A new community owned energy company looking to build a network of community energy hubs across regional Victoria, has successfully completed its first investment round, fully subscribing its initial offer.
Indigo Power succeeded in raising $300,000 of initial investment capital through a crowd investment offer that the company will now use to expand the number of 100 per cent renewable energy hubs serving Victorian regional communities.
The investment target was achieved in just four days, attracting the interest of 247 investors. Indigo Power had sought to foster the involvement of local community members in the investment round, ensuring the ownership of the company reflected the communities it seeks to work with.
The company noted that around $160 million was spent on electricity by households in the north-east Victoria region, and saw an opportunity to work with local communities to retain some of that value through investments in distributed solar and storage projects.
Indigo Power said that it was encouraging that the crowd investment round was so successful, given the current economic environment, with many recognising the role of local enterprises in supporting the economy.
“Despite COVID-19 and the current uncertainty, people from across North East Victoria overwhelmingly backed Indigo Power’s vision for regional communities taking the lead on clean energy, and keeping some of the money spent on electricity bills in our region,” Indigo Power managing director Ben McGowan said.
“In the current pandemic, people are realising how important local business is. We thought there was support for a local electricity supplier when we launched Indigo Power, and this share offer confirms that. We’re now ready to expand, to supply electricity to households right across the region.”
Indigo Power was born out of a community round initiative to convert the Victorian town of Yackandandah to run on community owned renewable energy and storage projects.
Indigo Power said that around 60 per cent of Yackandandah households now have solar installed, along with a growing number of public buildings including the installation of a 90kW solar installation a health facility within Yackandandah, which was followed by an additional ten projects throughout the town in 2019.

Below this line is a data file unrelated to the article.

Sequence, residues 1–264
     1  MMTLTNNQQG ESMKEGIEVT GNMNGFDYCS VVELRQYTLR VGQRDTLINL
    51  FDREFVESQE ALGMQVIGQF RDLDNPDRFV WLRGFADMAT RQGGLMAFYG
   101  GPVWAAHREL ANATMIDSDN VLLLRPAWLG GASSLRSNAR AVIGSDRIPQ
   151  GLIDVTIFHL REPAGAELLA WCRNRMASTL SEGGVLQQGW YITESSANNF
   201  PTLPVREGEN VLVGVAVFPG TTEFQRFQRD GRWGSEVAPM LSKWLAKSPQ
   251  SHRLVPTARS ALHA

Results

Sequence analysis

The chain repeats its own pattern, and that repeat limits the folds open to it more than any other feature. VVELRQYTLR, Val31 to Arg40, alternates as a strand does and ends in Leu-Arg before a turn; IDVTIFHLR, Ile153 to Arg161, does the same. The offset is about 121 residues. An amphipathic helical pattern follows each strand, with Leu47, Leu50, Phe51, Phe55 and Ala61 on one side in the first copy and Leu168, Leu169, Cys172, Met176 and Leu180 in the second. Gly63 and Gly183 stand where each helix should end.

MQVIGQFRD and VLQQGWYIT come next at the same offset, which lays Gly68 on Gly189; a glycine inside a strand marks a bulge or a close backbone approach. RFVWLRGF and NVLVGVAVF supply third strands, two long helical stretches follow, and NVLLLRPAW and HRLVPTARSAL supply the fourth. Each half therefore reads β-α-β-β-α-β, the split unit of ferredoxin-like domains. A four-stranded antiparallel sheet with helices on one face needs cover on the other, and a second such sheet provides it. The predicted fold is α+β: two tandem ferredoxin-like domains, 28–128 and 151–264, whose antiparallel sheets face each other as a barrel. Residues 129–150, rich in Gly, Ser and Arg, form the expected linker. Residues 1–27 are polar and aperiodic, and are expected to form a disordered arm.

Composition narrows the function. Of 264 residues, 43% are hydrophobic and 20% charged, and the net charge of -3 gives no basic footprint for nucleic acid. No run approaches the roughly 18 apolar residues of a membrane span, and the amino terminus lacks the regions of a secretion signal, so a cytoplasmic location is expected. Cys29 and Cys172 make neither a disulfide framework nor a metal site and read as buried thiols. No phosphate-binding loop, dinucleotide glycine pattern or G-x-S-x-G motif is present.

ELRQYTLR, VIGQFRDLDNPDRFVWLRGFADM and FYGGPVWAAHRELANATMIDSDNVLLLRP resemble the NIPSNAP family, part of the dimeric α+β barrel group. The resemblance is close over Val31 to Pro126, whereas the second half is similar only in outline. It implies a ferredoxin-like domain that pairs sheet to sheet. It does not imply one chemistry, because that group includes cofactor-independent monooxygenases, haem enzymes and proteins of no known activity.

Indigo Power will now look to replicate this model across an addition 31 communities across the North-east Victorian region.
The group found that there was a need to establish a new initiative that would both help facilitate the trading of power between community members, as well as allowing the model to be expanded to other regional communities.
The company will uses the investment funds raised to help develop the infrastructure necessary to help better support community members to manage and trade power, as well as working to meet regulatory requirements for the operation of local microgrid arrangements.
“We will use the funds to keep working to power communities with clean energy through community energy hubs. This means expanding our electricity plan to more people across North East Victoria and into the Border Region of NSW, and building more community owned, local renewable energy infrastructure,” McGowan added.
“Community ownership is integral to our company, and we would like to thank and welcome the approximately 250 new Indigo Power shareholders into the Indigo Power community.”
Indigo Power used the platform Birchal to undertake the investment round, which said that it was also surprised that the investment round was so successful, after initial expectations of subdued interest.
The company launched the funding round with an initial three-week timeframe, but succeeded in fully subscribing the offer in just a matter of days.
“Indigo Power met their target in record time, and we never expected to have one of the fastest sell-out raises in Australia at this time. Clearly, there’s enormous support for the team behind the company and the clean energy vision for their region,” Birchal co-founder Alan Crabbe said.
Wodonga resident Michelle Wilkinson, who participated in the investment round, said that it was her children that motivated her investment in Indigo Power.
“I invested in Indigo Power on behalf of my children because I want my children to participate in a local renewable energy future. I am proud to have become a shareholder and become a part of a movement to bring our energy back to our region,” Wilkinson said.